Five injuries and illnesses at Central Florida’s theme parks were included in the latest quarterly injury to the state of Florida. 

As part of an agreement to avoid major inspections, parks have to report any guest injury or illness that requires at least a 24-hour hospital stay on quarterly basis to the Florida Department of Agriculture and Consumer Services. 

Between January and March, the following injuries were reported:

  • Feb. 15: A 42-year-old woman riding Universal Orlando’s Incredible Hulk Coaster experienced syncope, temporary loss of consciousness caused by a fall in blood pressure;
  • Feb. 15, A 69-year-old woman on Epcot’s Gran Fiesta Tour injured her ankle;
  • March 13: A 71-year-old woman experienced motion sickness on the E.T. Adventure at Universal Orlando;
  • March 13: A 72-year old woman “became ill” while riding Kilmanjaro Safaris at Disney’s Animal Kingdom;
  • March 29: A 25-year-old woman suffered a hip injury on Ihu’s Breakaway Falls at SeaWorld’s Aquatica Orlando water park 

No injuries requiring a 24-hour hospital stay were reported at Legoland Florida or Busch Gardens Tampa Bay.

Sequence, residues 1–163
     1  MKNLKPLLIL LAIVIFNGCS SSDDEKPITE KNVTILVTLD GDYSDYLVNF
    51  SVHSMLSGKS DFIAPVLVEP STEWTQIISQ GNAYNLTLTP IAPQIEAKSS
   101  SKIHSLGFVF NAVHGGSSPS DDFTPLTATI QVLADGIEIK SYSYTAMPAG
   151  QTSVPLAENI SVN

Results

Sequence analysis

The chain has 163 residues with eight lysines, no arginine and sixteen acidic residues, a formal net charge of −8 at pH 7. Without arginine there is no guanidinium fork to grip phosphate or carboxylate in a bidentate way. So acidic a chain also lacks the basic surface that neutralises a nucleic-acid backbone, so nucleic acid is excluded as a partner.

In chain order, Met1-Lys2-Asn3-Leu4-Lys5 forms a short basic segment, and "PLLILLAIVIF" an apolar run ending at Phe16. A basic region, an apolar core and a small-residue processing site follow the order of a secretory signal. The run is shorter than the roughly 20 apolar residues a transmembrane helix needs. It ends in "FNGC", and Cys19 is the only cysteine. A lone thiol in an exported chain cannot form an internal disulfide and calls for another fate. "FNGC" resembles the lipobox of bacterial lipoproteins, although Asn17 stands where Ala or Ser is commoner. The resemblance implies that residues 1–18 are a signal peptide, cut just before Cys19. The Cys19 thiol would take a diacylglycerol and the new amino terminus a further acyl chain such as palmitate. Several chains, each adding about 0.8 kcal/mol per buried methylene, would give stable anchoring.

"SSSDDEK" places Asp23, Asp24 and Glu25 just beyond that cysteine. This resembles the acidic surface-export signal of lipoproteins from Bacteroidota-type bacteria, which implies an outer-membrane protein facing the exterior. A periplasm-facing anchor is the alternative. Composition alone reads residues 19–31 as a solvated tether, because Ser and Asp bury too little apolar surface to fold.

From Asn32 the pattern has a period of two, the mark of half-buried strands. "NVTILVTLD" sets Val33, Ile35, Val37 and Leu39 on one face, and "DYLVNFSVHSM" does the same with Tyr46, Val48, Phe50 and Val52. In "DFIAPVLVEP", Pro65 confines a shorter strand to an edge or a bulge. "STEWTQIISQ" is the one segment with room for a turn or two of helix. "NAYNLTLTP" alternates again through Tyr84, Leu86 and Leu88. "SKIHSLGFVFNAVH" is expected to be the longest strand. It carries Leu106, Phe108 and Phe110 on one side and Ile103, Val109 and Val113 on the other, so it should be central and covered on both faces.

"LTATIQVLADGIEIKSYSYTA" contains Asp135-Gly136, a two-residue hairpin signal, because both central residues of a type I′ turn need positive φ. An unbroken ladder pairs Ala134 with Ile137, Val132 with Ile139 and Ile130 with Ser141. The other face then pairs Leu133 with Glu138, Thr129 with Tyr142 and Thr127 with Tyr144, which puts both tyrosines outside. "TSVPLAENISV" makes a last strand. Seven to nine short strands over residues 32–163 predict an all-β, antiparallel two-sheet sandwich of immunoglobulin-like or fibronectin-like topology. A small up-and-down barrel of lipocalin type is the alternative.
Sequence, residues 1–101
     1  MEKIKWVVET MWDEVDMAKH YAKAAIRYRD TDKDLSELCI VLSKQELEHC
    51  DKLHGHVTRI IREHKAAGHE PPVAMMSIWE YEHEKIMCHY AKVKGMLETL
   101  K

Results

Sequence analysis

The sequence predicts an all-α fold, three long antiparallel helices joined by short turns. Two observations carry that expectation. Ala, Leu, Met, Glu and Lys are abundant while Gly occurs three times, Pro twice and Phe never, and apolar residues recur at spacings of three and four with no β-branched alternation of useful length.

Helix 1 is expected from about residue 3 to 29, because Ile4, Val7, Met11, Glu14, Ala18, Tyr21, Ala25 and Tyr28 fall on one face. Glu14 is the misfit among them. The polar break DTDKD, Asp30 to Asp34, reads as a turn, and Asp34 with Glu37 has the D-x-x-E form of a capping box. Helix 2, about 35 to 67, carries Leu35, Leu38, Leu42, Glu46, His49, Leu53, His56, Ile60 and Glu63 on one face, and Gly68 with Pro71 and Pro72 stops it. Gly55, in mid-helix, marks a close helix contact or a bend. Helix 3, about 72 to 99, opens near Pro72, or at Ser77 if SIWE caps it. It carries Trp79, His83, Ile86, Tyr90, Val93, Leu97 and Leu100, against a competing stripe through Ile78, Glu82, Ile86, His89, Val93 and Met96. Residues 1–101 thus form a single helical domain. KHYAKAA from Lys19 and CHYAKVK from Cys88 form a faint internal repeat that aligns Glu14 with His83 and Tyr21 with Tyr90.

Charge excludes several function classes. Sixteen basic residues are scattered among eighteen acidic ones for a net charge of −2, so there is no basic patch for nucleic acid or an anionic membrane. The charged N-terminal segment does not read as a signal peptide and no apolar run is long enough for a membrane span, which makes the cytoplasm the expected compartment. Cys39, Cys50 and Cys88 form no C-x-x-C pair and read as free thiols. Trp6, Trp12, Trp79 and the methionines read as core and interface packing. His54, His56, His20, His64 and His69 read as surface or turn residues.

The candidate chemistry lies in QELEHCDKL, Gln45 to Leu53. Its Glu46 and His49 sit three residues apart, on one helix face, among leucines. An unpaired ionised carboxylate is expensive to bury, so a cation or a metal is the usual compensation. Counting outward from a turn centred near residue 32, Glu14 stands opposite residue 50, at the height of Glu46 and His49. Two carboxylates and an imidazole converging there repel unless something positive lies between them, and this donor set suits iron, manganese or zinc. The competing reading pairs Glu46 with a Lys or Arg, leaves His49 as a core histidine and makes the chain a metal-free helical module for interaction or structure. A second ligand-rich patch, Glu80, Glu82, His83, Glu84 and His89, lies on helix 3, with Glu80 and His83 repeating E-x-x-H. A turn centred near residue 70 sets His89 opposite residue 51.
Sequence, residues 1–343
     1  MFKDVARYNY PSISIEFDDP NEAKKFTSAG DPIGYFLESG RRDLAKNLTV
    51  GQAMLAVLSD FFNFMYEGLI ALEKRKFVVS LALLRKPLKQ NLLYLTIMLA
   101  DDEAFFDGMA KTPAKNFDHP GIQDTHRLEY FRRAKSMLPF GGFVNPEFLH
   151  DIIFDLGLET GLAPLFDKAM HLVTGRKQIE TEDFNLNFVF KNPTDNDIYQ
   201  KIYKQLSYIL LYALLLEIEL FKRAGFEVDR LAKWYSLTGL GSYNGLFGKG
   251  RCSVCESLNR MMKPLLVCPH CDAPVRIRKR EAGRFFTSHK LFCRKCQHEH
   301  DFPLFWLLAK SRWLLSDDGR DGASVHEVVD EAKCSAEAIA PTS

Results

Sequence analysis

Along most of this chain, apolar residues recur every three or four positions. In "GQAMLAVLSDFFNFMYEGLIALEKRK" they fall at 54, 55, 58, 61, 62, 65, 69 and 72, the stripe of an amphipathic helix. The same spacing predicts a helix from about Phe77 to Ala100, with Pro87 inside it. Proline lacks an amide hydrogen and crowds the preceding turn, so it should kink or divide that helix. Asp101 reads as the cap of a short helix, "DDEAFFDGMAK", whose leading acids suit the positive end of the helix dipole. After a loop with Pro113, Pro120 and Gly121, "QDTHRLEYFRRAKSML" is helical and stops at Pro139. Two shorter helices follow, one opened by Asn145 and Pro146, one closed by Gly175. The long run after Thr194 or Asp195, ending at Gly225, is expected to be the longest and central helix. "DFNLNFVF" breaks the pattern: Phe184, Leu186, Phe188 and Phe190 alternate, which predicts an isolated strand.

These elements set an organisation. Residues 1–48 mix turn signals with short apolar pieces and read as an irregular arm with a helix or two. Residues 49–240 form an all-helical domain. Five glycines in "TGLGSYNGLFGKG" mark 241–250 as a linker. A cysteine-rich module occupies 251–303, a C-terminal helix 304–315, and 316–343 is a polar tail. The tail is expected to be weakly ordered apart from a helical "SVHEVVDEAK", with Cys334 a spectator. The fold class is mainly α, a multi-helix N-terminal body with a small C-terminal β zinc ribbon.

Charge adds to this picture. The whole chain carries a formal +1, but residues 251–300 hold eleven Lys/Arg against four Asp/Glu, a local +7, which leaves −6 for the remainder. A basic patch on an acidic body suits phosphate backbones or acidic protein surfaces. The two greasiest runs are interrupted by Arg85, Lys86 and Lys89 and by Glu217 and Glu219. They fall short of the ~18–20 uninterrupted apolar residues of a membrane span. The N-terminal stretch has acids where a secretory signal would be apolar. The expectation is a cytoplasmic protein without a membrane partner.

Flaws with Florida’s self-disclosure system were exposed in an Orlando Sentinel investigation in 2020. For example, when Universal said a New York visitor experienced “numbness” after riding a slide at its Volcano Bay water park, the reality was the guest had broken his neck and was unable to move at the end of the slide. 

Similarly, Theme Park Tribune reported in 2019 that Universal described an 11-year-old guest as experiencing “foot pain” after riding E.T. Adventure. According to a lawsuit filed by the boy’s mother, the real injury was the boy having his foot and leg crushed when his left foot became stuck between the ride vehicle and the off-loading platform. 

“We find that to be a gross understatement,” attorney Ed Normund, who is representing the boy’s family in a lawsuit against Universal, said of the “foot pain” description in April 2019. “He broke both bones in his lower leg, fractured many of his foot bone and his toes. He has required multiple surgeries and we are concerned that the fractures in the ankle area may stunt his growth because of the proximity to his growth plate at his young age.”   

Universal’s attempts to get the lawsuits dismissed have been unsuccessful. Depositions have been taken in the case recently and it is currently scheduled to go to a jury trial in August.

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